The heart of every Reserve Officers Training Corps (ROTC) battalion is its cadets, and five separate academic institutions comprise the Georgetown University Army ROTC program, fondly called the Hoya Battalion:

  • Georgetown University
  • American University
  • The Catholic University of America
  • The George Washington University
  • The Institute for World Politics

Cadets, young men and women who volunteer to serve, become officers through a balanced program of stimulating education, rigorous military training, and responsible socialization. These officers become the leaders of the tactical Army and the future leaders of the joint force.

Together, Hoya cadets come from every walk of life, were admitted into the top three percent of academic institutions in the country, and exceed the U.S. Army Cadet Command and 4th ROTC Brigade standards in every measurable category. In 2012, out of 272 programs in the nation, U.S. Army Cadet Command ranked the Hoya Battalion as its top Senior ROTC Battalion in the Nation.

The cadre of this battalion develops each cadet, one candidate at a time, according to individual abilities. The cadre sets and enforces standards. The cadre instructs, teaches, trains, observes, evaluates, and provides feedback. The cadre cares for each cadet to ensure he/she is physically, mentally, emotionally, spiritually, and financially sound. The cadre ensures cadets learn the profession of arms, obtain a commission, and possess the skills necessary to train soldiers and lead them into combat to achieve victory.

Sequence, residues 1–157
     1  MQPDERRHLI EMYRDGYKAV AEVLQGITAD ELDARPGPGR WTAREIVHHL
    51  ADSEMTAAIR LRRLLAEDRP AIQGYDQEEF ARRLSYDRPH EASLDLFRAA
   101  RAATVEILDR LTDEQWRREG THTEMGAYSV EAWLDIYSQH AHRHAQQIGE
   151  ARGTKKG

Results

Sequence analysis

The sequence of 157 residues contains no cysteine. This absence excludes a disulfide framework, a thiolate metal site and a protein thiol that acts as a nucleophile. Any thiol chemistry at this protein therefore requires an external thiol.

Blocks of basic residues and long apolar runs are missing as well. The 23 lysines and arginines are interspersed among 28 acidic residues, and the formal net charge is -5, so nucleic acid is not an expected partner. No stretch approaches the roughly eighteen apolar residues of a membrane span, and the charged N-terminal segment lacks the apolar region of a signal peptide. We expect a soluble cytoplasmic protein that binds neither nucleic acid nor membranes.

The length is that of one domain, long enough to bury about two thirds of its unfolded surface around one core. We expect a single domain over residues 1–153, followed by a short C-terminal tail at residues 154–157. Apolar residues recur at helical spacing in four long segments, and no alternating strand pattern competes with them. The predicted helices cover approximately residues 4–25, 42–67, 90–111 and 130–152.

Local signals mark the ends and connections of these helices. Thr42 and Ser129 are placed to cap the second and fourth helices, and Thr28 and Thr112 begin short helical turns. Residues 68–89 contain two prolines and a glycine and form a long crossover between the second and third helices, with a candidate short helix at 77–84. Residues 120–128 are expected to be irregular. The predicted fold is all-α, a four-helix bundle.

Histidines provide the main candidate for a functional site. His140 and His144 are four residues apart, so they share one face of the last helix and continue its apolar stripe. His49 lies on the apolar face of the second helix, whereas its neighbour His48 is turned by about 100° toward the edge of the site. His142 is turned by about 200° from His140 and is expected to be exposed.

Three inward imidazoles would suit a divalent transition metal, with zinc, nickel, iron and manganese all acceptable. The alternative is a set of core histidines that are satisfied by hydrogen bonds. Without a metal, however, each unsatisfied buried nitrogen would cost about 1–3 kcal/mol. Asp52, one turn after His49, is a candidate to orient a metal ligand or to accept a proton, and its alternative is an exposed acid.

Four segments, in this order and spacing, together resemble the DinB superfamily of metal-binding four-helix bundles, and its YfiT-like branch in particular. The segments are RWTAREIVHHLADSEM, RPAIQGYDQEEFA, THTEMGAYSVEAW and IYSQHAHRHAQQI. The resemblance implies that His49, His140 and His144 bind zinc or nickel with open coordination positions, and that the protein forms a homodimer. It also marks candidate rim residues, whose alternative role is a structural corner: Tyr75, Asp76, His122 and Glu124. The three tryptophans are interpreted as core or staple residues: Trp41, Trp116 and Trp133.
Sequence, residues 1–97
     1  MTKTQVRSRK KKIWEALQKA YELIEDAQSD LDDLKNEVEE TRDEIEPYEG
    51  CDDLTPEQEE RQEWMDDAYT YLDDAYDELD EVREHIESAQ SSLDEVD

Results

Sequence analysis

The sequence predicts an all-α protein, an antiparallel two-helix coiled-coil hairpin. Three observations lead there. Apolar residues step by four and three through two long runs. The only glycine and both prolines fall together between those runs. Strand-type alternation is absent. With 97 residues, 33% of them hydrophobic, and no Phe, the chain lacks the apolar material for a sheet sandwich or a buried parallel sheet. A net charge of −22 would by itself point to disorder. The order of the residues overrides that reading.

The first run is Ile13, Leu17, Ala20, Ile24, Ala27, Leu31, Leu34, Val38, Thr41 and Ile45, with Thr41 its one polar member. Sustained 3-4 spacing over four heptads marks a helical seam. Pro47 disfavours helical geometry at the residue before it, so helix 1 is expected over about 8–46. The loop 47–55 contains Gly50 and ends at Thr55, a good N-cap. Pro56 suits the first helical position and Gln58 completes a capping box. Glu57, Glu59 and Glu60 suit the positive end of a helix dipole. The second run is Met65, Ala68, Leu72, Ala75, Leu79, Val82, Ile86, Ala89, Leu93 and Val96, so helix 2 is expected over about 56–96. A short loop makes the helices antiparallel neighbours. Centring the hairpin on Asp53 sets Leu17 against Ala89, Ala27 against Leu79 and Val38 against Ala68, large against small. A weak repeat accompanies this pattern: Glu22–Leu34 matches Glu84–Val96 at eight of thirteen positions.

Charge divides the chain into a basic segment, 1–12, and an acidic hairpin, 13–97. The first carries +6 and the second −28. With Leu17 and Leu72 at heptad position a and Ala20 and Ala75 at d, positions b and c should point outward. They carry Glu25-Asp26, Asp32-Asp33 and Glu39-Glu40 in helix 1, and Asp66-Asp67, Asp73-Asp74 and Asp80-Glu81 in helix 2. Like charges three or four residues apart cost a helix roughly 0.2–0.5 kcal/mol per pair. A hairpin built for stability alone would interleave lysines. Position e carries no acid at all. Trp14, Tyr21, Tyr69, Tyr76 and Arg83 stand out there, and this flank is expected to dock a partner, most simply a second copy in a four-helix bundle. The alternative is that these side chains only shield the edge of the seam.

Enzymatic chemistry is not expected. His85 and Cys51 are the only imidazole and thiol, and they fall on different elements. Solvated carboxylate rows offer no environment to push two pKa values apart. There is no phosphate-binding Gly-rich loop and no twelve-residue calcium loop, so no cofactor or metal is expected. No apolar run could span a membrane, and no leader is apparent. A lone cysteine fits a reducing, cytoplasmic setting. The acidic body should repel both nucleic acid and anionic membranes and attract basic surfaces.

A rich history exists between the Hoya Battalion and the Army that is unique to this program. The first Georgetown student, who eventually served in Congress, was also the first Georgetown College cadet in 1791. For more than 220 years, this battalion commissioned more than 4,100 officers, including a former Chief of Staff Army. Over that time, commissioned officers from the Hoya Battalion commanded soldiers at every level in every major campaign and conflict fought by the United States and the Confederate States of America.

Being in ROTC means that you are a part of something bigger than just yourself. If you asked me three years ago what I would be doing with my summer, I would have never imagined the answer would be “learning how to jump out of planes at 1,250 feet”. Take this opportunity. You won’t regret it.


Hoya cadets, upon commissioning, join a long line of distinguished graduates who have served this nation well. The newest generation of Hoya officers, training today to earn a commission and lead soldiers, will uphold our battle-tested honor and serve with distinction, pride, and poise.

Thank you for visiting our website. Please feel free to contact us if you have any questions or if you think you possess what it takes to become a Hoya cadet.